The most preferred stimulus for nonconvulsive magnetic stimulation therapy (NCMT) is a 10 to 20 second biphasic pulse train at a frequency of about 3 to 20 Hz (pulsewidth in the range of about 50-300 microseconds). The several advantages of the method of the present invention are as follows:
1. Because the present method does not apply electric currents to the skin, NCMST does not expose the subject to the risk of skin burns.
2. Because the magnetic fields require no direct contact with the skin, time-consuming skin preparation is unnecessary and no costly stimulus electrodes or accessories are required.
3. Because the bony skull does not significantly impede the transmission of magnetic fields, there is no attenuation of the therapeutic stimulus before it reaches the deep brain structures: the intended strength electrical field current is directly induced in the brain region specified with NCMST.
4. Because magnetic fields can be oriented in three dimensions, to induce focused electrical field currents in deep brain structures, there is no necessity for the spread, and consequent attenuation, of brain tissue excitation from superficial to deep structures during the application of such magnetic fields.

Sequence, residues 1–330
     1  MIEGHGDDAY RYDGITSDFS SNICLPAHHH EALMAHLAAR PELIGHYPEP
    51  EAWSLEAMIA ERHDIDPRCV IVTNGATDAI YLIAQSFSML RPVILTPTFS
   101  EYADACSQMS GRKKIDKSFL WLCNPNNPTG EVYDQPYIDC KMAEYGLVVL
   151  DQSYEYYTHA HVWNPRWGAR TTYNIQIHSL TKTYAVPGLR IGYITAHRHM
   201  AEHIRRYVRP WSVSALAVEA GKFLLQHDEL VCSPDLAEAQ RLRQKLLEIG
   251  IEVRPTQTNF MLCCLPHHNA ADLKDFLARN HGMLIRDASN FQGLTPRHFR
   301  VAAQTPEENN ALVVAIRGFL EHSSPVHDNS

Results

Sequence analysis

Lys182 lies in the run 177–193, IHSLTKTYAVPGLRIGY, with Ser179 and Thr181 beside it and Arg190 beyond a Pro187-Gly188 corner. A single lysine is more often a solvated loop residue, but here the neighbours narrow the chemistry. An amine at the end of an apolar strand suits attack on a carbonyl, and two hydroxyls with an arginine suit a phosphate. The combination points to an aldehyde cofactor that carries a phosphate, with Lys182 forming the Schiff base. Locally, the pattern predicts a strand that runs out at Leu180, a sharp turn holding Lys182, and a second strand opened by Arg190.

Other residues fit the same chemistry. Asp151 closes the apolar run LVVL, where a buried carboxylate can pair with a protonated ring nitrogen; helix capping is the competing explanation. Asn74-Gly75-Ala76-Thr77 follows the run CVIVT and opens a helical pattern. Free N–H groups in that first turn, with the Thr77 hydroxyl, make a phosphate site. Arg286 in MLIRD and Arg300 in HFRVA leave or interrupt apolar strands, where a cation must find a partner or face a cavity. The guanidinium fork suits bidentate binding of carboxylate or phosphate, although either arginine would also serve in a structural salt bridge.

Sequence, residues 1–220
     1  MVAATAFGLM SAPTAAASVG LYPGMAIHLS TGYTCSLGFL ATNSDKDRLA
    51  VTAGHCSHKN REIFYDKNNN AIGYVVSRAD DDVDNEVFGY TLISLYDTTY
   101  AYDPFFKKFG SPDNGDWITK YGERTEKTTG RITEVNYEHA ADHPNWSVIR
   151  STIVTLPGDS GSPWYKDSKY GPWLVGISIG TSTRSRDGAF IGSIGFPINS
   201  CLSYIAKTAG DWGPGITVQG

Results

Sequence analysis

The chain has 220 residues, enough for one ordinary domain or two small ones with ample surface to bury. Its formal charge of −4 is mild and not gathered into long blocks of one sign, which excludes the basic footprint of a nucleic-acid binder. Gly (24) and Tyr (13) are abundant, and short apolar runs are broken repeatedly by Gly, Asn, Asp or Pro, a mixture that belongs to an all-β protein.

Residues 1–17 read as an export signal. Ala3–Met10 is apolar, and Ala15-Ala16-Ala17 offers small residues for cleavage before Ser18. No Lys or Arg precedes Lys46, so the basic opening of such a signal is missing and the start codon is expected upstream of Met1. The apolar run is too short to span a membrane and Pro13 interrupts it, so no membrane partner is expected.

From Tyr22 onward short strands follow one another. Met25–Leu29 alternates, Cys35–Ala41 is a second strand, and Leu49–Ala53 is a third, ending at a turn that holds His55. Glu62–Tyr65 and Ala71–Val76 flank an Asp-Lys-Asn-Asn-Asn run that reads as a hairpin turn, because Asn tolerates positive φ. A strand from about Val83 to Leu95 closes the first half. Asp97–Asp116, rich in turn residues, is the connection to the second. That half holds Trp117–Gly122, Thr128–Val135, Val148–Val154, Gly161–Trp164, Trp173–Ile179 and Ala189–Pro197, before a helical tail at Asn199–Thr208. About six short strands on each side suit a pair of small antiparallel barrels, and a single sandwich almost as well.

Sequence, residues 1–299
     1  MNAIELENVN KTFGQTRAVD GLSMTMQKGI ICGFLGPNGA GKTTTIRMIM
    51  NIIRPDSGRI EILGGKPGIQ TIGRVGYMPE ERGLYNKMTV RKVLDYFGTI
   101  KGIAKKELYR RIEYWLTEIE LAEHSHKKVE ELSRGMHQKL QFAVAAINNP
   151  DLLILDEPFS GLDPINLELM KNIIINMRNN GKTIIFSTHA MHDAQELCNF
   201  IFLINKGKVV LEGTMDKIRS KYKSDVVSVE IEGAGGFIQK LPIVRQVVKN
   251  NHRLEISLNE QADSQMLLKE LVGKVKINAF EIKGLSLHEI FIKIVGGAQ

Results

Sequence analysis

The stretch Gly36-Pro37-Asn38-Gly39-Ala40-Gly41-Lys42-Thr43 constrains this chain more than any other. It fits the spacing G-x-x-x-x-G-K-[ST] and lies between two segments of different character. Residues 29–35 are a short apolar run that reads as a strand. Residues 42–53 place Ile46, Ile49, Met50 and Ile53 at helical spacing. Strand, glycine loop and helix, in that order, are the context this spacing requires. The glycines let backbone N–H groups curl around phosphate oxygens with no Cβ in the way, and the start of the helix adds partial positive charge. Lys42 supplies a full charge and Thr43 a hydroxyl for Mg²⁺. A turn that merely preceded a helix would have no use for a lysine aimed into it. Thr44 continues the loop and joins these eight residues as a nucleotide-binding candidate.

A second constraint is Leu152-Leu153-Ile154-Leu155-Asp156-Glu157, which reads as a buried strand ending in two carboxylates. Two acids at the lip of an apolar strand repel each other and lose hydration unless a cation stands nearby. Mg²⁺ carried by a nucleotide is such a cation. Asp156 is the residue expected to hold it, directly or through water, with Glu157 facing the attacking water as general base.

Similarly, in patients with brain lesions, as from cerebrovascular disease, the brain stimulation can be focused in the selected areas, and unnecessary stimulation of brain regions near the lesions can be avoided, thereby decreasing risks of confusion and memory loss.
5. Because the invented method does not pass external electric currents through the temporal lobes, its use would not cause the same deleterious memory effects that have been reported in some cases from ECT.
6. Because the present method does not apply electric currents to the skin, the patient receiving NCMST does not experience the painful electrical sensations or shocks possible with ECT, thus avoiding the need for general anesthesia with its consequent morbid and mortal risks.
7. Because the invented method requires no patient electrical or mechanical contact, the patient receiving NCMST is not subjected to the risks of leakage currents, thereby eliminating the need for costly and time-consuming leakage current tests of the device.